Field Trip Report: Scarborough Marsh April 7, 2018

Saturday, April 14th, 2018

Report on Scarborough Marsh trip, April 7, 2018

by Gordon Smith

Seven birders, led by Maurice and Cathie Dauphin, headed on down to Scarborough Marsh on the annual “Welcome-to-Spring” outing to observe early returning migrants.

Our first stop was Scarborough Marsh at Dunstan Landing where we tallied 23 species (, including a Great Egret and Glossy Ibis.

Following, we journeyed to the Pelreco Building ( where often there are good views of marsh birds. By this time, a cold wind had sprung up from the northwest, but didn’t deter us from our observations. We were rewarded with a great view of an adult Peregrine Falcon perched on a low stump in the marsh. An adult male Northern Harrier (“Gray Ghost”) was another nice sighting as it floated low over the marsh. Another Northern Harrier (a female) was also observed nearby.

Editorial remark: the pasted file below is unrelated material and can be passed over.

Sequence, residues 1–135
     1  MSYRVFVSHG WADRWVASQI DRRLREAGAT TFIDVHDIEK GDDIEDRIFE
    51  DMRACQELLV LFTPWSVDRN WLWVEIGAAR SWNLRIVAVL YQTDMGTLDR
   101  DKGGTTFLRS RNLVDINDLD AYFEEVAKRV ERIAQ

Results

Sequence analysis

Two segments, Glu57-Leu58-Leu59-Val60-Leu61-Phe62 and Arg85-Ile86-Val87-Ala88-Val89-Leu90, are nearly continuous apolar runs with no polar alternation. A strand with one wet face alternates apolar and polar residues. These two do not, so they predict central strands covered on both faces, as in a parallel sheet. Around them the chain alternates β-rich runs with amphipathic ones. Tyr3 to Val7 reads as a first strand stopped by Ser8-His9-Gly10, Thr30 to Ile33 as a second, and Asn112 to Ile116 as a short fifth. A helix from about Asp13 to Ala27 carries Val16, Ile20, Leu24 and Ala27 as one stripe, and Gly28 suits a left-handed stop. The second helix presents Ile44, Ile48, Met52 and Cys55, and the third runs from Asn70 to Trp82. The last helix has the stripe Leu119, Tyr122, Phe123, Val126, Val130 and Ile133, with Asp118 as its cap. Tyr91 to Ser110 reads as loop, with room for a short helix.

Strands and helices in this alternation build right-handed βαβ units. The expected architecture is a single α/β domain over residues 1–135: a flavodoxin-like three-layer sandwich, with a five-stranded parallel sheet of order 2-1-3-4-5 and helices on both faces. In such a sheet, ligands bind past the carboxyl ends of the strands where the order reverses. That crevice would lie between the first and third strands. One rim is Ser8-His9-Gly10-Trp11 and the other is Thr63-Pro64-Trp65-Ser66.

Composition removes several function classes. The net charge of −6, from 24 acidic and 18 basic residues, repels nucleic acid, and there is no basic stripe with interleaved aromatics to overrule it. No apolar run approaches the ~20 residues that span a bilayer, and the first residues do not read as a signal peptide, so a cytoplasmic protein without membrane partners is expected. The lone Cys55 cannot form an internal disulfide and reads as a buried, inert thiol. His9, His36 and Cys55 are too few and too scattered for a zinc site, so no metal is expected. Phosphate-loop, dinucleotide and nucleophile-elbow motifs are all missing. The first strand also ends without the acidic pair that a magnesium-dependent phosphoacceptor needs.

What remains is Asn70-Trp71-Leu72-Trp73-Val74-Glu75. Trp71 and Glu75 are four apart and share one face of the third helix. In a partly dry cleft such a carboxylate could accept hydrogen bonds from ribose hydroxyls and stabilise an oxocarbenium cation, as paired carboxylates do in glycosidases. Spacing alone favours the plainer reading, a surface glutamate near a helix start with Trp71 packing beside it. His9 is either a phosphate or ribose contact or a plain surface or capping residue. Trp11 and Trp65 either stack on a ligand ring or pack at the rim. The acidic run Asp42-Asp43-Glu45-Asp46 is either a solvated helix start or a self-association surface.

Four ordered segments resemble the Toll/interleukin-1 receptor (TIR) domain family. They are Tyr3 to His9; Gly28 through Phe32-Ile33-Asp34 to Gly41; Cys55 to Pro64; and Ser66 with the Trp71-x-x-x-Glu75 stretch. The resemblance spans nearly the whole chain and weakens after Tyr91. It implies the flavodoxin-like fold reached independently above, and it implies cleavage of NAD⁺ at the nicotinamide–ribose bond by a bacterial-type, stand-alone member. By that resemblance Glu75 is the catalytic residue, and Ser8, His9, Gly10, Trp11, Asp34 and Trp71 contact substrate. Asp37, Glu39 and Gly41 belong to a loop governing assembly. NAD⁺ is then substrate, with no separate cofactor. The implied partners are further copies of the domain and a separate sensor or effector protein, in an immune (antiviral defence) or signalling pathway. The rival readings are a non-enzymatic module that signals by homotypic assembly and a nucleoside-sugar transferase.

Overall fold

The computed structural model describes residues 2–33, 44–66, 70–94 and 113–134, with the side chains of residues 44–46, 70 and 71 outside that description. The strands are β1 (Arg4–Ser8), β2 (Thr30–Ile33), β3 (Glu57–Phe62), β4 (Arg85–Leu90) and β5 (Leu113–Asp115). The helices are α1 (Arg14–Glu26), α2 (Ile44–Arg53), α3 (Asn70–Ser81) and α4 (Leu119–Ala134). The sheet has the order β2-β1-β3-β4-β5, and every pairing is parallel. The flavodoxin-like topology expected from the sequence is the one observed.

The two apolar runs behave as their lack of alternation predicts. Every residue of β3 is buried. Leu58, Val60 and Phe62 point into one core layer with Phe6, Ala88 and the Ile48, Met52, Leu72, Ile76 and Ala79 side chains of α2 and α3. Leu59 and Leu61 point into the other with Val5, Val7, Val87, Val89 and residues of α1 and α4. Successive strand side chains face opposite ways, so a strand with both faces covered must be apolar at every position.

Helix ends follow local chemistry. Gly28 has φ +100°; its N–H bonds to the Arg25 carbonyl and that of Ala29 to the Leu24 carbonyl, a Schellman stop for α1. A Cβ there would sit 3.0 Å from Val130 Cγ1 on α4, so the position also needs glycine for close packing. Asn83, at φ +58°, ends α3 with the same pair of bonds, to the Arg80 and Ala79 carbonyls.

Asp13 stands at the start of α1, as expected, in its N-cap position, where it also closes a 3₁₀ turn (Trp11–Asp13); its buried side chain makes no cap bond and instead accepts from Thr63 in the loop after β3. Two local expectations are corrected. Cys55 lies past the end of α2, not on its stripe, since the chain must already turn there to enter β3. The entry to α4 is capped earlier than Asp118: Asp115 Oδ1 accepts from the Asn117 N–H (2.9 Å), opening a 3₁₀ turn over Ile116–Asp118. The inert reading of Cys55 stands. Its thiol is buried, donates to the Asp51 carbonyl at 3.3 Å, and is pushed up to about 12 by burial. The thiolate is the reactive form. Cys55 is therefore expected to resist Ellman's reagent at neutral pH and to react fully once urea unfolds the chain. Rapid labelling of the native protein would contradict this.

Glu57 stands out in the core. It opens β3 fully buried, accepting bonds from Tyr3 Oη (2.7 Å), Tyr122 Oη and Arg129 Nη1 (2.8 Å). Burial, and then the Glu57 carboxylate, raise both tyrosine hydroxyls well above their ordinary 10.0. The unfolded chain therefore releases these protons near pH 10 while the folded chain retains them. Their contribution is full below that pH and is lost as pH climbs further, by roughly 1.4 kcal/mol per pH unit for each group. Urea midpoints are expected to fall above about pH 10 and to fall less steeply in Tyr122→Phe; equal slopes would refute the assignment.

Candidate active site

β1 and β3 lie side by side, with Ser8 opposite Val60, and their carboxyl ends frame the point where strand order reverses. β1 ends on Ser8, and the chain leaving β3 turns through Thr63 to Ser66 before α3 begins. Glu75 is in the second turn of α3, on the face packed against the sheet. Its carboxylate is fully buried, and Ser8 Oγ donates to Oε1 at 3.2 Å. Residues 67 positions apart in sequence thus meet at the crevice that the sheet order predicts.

Our Scarborough Marsh portion of the trip ended with a stop at Pine Point. At warmer times of the year, this is a great location for shorebirds. But today ( there were only the usual eiders, Long-tailed ducks and Common Loons.

All told, the total tally for our Scarborough Marsh stops was 35 species. Our next stop was Biddeford Pool.

At Vines Landing in Biddeford Pool, 15 species ( were observed, including 5 Brant and various sea ducks.

The next stop is a favorite of many, Maine Audubon’s East Point Sanctuary. Sixteen species ( were noted, but we missed a Snowy Owl and Rough-legged Hawk, East Point being one the best locations to observe these birds.

At Great Pond, our next stop (, we observed two Great Egrets, one of which landed on the lawn close by, affording real nice views.

Our last stop at Biddeford Pool was the public parking area (, where two Sanderlings were huddled on the beach against the cold wind. We tallied a total of 27 species for the Biddeford Pool birding sites.

On the way home, three of us decided to stop at Mercy Hospital Pond along the Fore River in Portland (, often a reliable spot to find Black-crowned Night-Herons. We weren’t disappointed, as we spotted two well-hidden adults in the thick alders along the pond edge.